The Thomas/Reichly aeration rocking piston pumps work well and can be found pretty cheap. Most of the Frugal systems Ive seen used these. Lots of rebuild kits available - theyre an agricultural standard. Better yet, a gast rotary vane pump can be found used or as surplus/new equipment, often at good prices. I bought one brand new, excess inv/surplus for $85 a few years ago on ebay. Theyre used in hospitals/dentists offices a lot and are bulletproof. I use both - the gast on the lathe, the Thomas on a carving stand. Both work very well.
    If you build your own system, check out joewoodworker.com - while mostly concerned with veneering/bagging - lots of info on vac chucking as well. Veneeringsupplies.com is a good source for parts, too.
    Last edited by Jeffrey J Smith; 01-13-2020 at 6:25 PM.

  11. #11
    Join Date
    Sep 2015
    Location
    San Diego, Ca
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    "The cfm at 2.0 or so seems weak to me".

    I have a Thomas pump (2-1/2 or 3 cfm?) and another 1 cfm pump. They actually seem to work the same. When I'm drawing a vacuum, the real cfm is limited by the system leakage and the leakage through the wood. Both my 3 cfm pump and my 1 cfm pump can both draw about 27 inches Hg. (Why not more? Well, I'm at 1750 feet elevation - - do the math). On a PERFECT seal with zero leaks anywhere, the actual cfm of air moving into the pump should be zero. If you add some leaks, the real cfm through the pump increases. So on most items it doesn't matter a bit. When I turn off my vacuum, it takes anywhere between 10 seconds and 60 seconds for the piece to "let go". So, some leaks but not a whole lot.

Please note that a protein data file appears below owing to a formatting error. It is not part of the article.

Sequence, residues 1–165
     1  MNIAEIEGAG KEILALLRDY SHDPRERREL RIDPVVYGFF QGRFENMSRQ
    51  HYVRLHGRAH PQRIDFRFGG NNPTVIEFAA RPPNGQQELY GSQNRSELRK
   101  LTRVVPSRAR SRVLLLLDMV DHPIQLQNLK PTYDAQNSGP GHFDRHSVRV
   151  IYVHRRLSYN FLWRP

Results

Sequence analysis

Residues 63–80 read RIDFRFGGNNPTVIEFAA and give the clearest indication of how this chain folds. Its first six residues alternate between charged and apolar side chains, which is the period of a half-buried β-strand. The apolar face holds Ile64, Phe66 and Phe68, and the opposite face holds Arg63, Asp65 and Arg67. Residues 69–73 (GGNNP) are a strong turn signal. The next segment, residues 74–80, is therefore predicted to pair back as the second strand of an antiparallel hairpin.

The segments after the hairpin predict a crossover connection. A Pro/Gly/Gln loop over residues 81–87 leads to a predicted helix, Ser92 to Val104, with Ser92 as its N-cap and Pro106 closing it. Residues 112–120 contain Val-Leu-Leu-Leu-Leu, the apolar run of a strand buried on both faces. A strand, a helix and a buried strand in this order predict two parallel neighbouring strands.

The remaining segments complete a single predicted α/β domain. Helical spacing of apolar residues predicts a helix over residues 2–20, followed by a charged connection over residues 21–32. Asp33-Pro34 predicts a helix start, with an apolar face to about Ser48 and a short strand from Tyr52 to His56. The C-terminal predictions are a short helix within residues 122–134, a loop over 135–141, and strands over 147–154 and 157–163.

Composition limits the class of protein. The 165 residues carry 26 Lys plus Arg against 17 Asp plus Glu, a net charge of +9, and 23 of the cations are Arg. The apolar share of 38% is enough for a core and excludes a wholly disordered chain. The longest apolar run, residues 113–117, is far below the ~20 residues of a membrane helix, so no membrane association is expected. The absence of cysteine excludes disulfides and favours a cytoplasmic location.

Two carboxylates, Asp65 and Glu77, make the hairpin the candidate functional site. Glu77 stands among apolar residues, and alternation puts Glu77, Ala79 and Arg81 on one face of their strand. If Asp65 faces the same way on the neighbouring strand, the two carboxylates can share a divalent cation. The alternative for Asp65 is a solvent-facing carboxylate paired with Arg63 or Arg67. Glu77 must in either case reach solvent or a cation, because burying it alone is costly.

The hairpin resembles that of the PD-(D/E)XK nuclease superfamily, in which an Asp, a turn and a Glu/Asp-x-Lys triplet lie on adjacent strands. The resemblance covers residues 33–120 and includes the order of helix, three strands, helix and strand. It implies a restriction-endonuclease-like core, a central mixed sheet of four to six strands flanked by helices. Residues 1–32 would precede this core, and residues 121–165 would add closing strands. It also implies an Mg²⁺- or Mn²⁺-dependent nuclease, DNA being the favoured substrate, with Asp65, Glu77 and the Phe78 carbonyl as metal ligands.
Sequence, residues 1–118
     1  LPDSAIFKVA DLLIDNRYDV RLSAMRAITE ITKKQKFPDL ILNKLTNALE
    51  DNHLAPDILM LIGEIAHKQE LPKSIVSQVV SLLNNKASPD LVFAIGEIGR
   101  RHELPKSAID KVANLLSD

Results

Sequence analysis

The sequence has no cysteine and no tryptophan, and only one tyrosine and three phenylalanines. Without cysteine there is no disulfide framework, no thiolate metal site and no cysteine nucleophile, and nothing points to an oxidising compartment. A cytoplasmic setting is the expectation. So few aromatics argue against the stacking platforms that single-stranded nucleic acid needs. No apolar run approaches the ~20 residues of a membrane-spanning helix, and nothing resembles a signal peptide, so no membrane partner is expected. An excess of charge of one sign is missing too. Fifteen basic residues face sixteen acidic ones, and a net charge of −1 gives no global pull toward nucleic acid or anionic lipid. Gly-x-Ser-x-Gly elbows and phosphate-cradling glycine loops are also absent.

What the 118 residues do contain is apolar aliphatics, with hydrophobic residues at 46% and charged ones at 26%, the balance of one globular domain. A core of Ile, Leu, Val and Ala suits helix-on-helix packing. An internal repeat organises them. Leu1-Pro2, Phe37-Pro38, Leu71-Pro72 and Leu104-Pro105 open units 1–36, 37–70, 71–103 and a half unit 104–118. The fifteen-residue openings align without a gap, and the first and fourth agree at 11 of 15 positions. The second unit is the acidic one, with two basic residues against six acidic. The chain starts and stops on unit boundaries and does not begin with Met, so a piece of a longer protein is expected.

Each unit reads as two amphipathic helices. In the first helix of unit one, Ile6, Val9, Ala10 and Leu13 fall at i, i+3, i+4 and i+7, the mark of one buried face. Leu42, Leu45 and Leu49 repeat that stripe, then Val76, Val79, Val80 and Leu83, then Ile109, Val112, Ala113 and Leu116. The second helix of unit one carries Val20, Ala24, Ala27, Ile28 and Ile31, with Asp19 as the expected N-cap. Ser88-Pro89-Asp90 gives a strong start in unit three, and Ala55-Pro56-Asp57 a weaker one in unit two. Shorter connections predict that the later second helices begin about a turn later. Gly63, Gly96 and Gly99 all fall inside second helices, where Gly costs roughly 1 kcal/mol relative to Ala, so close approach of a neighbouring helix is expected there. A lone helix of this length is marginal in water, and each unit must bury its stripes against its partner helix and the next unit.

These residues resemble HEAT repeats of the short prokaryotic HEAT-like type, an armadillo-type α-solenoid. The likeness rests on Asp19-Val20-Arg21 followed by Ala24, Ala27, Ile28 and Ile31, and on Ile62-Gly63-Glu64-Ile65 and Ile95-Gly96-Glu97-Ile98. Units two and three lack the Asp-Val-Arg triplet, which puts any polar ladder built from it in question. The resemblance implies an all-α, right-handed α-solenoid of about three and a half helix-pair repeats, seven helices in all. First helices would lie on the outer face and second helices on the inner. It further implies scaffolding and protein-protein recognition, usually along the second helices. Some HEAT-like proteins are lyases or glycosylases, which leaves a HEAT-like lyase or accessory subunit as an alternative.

But if I had a leaky sealed bearing or really porous wood, the higher cfm would help.

    Leaky wood? Once I was sanding a bowl of Jacarunda wood and used compressed air to blow out the inside. I saw dust flying off of the outside at the same time. Jacarunda is really porous. I think that red oak is similar.

    My suggestion is just "try it". If it works. Fine. If it doesn't work, then get a higher CFM pump.

  12. #12
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  13. #13
    Join Date
    Sep 2013
    Location
    Wayland, MA
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    Same question, different pump. I'll tag onto this thread instead of starting a new one. I bought an unused vacuum veneering setup at an estate sale and thought I would use the Gast pump that came with it for vacuum chucking on the lathe. I plugged the pump in today and thought it was pretty anemic. When I looked up the spec it was only 0.5 cfm . That might be adequate for a well sealed vacuum veneering bag, but based on all my reading here and elsewhere it sounds like I'm SOL with respect to vacuum chucking and need to look for a bigger pump. I don't' yet have all the other components for a system so I can't test it yet, but is there any way this could work?

    I suspect I know the answer, but I'm still in denial.